The area to be sampled should be fully wetted first: injection techniques are recommended. Samples are taken with a core sampler which should penetrate to the full depth of the pipe insulation. Proprietary types are available, but laboratory cork borers are also suitable. It should include a plunger to remove the sample from the borer. The sample point hole should be made safe after sampling (eg covered with tape or filled with a suitable inert filler), if the pipe is to remain in place and the surface was originally intact. This helps to keep the insulation in good condition and to prevent dispersal of asbestos. The borer should have a wet wipe pushed down to form a plug inside the borer and another wrapped around the outside. The borer is then used to take a full-depth sample of the insulation. The inner wet wipe is used to seal the surface of the insulation where the borer enters and disturbs the insulation. The outer wet wipe is used to clean the outside of the borer as it is withdrawn, and the contaminated wet wipe can be placed in the sample bag. The sample is removed by using the plunger to push the sample out into the polythene bag, complete with the wet wipe. Further cleaning will be required to completely clean the sampling equipment between samples.
An alternative approach is to use core sampling tubes in which the sample is retained. Again the core tube can be withdrawn through a wet wipe and then capped at both ends and placed in a bag until it reaches the laboratory. Chicken wire was often included within pipe insulation. This may hamper sampling, and a thin core sample may need to be taken. Where there is pipe insulation which is obviously new and non-asbestos, the possibility of debris from an earlier asbestos strip beneath the new insulation should be investigated.
Materials such as ceiling tiles or wall panels should be inspected for areas of existing damage, where a sample can be collected more easily. Otherwise, a small sample should be taken from a discrete location at the corner or edge of the panel, with a sharp knife or chisel blade to lever off a sample. Make sure that any paper, on one or both sides, is included.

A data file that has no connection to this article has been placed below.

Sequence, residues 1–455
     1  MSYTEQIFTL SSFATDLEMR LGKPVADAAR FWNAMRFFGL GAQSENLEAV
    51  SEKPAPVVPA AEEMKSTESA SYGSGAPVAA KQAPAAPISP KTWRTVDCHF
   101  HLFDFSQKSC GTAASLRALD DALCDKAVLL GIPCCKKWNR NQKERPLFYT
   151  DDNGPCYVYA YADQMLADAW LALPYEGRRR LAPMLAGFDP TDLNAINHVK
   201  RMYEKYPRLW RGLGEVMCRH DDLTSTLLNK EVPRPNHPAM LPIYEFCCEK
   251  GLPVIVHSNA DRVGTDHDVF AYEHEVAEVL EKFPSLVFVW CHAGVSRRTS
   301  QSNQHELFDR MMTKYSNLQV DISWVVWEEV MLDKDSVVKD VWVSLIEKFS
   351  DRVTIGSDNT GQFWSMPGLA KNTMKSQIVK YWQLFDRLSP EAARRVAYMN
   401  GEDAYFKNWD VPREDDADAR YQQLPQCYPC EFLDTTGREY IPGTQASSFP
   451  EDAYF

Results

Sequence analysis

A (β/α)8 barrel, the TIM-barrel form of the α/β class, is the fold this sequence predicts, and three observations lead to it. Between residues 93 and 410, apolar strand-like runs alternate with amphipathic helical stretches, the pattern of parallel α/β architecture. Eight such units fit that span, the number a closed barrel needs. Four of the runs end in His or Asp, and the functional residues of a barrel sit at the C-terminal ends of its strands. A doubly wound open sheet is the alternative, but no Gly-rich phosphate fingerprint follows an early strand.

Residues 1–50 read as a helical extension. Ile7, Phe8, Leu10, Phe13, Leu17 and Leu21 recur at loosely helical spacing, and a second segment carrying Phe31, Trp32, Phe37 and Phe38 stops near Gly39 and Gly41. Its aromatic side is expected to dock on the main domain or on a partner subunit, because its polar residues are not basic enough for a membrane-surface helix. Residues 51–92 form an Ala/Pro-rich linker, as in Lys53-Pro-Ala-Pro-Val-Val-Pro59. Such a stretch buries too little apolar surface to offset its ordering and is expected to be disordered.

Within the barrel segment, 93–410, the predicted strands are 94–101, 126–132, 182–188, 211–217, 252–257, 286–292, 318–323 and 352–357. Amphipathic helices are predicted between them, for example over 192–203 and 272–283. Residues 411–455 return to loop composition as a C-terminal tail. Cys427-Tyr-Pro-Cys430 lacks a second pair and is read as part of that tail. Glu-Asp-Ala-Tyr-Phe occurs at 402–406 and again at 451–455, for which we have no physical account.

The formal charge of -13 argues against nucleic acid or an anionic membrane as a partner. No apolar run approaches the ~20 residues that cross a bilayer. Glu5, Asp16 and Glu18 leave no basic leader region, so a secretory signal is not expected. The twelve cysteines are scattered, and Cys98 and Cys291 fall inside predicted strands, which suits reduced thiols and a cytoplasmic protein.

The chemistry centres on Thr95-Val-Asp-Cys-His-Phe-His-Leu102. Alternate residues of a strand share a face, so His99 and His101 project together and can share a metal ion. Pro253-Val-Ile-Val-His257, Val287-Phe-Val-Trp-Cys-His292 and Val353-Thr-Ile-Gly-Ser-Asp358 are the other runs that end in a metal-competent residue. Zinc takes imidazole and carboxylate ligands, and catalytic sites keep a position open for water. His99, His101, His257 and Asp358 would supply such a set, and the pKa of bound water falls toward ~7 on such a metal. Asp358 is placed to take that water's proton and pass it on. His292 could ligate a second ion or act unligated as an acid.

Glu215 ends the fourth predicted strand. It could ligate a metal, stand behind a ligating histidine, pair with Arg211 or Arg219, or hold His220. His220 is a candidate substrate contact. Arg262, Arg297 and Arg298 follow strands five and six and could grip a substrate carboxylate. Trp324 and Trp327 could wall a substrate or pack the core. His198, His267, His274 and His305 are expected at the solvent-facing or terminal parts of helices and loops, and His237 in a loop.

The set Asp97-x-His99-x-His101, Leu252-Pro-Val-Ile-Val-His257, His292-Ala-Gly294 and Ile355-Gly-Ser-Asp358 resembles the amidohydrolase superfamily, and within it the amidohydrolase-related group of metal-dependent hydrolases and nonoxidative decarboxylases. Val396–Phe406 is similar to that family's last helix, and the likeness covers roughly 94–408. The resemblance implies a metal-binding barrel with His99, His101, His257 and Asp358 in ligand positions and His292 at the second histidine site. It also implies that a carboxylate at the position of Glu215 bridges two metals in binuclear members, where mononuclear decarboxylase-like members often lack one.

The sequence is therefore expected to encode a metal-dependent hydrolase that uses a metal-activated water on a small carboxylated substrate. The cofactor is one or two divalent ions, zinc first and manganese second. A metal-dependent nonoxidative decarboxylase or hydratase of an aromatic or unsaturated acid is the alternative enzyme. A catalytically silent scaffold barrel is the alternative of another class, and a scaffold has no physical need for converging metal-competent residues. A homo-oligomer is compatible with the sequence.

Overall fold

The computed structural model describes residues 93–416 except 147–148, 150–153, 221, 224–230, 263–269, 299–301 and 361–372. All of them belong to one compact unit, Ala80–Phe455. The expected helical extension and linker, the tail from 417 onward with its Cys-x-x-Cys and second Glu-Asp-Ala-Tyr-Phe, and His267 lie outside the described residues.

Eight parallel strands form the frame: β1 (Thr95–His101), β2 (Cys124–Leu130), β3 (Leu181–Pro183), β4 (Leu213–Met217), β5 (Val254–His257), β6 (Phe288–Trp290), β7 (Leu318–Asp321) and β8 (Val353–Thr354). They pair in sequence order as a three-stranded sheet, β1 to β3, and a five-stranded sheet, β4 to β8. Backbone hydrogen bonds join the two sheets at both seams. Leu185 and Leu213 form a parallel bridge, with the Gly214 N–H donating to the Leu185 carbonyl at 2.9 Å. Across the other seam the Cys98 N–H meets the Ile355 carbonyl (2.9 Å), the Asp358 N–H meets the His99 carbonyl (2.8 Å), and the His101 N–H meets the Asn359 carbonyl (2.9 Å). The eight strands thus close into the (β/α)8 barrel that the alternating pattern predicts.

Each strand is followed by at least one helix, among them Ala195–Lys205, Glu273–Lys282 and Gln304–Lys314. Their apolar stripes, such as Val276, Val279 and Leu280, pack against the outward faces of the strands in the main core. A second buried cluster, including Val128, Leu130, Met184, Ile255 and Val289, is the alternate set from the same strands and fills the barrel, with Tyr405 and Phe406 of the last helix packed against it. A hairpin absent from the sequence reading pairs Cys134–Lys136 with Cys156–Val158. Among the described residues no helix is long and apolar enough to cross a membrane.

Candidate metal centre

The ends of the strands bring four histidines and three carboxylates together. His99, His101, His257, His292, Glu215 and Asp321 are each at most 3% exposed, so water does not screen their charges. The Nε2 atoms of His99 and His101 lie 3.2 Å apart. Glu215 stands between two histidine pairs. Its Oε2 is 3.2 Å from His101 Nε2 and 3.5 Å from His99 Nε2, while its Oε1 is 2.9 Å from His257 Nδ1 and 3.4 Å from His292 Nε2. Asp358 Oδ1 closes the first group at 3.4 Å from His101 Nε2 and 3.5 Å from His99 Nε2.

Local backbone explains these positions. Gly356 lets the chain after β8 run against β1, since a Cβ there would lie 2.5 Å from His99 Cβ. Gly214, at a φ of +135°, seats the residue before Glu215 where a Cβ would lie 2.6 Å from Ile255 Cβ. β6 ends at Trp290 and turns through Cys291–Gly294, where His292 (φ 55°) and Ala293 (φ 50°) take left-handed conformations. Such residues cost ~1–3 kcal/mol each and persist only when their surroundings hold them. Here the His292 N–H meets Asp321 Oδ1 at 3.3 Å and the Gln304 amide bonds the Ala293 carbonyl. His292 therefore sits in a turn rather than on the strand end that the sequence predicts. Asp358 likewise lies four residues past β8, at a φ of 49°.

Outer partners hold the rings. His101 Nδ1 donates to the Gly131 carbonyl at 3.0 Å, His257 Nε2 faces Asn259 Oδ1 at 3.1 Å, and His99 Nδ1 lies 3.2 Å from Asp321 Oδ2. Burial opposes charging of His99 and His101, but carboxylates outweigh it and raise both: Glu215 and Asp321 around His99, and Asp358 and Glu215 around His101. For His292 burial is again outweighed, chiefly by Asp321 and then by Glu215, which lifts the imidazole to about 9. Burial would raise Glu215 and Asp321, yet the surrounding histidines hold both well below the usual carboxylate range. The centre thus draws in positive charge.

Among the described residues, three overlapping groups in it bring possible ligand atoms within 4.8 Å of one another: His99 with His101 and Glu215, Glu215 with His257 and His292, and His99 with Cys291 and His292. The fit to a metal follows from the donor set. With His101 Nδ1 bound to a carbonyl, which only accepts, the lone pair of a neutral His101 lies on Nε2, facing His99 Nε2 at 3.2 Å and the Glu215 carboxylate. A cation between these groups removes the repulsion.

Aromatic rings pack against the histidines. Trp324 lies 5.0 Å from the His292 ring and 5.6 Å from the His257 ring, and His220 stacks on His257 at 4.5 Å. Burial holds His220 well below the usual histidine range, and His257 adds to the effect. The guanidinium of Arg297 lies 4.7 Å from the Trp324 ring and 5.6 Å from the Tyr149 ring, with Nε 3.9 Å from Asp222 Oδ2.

Asbestos cement can usually be identified by visual inspection. Where sampling is necessary (eg to distinguish between AC and AIB), look for a damaged portion where it will be easier to remove a small sample (AC is usually very hard). The sample size should be about 5 cm2 as it will be necessary to search for traces of amphibole asbestos such as crocidolite and amosite. The sample should be obtained using pliers or a screwdriver blade to remove a small section from an edge or corner. Samples should not be collected from roofs without special safety precautions to prevent falls through the fragile sheets. If the analysis is still inconclusive (eg chrysotile and amosite are detected), then the definitive water absorption test should be conducted (the material will be classed as AC if it absorbs <30% water).
Gaskets, rope, seals, paper, felts and textiles
Samples can be taken using a sharp knife to cut a representative portion from the material.
Floor and wall coverings
Samples should be cut out with a sharp knife, usually taking one sample from tiles of each type or colour present. The area should be cleaned after sampling but the fibre release is likely to be very low, unless the asbestos is present as a lining or backing material.
Samples should be obtained by carefully scraping the coating with a screwdriver or narrow scraper, directing the material into the sample container held below the sampling point.
Personal air sampling can be carried out to measure the exposures of survey and sampling personnel. Occasionally there may be a request for ‘background’ air sampling if the ACMs are a matter of sensitivity to the occupants. Such requests need careful appraisal, as the area may already be contaminated, even before the bulk sampling is carried out. Air sampling may also be required where there has been intrusive sampling (eg in refurbishment or demolition surveys) and areas or buildings are to be reoccupied for a period before the work is carried out (see paragraphs 53–54). The procedures for reassurance air sampling as described in Asbestos: The analysts’ guide for sampling, analysis and clearance procedures should be used.
This sampling information is taken from HSG264 – Asbestos: The Survey Guide. Should you require any further safety guidance with the sampling of asbestos containing materials, please contact firstname.lastname@example.org or call 01823 443 898.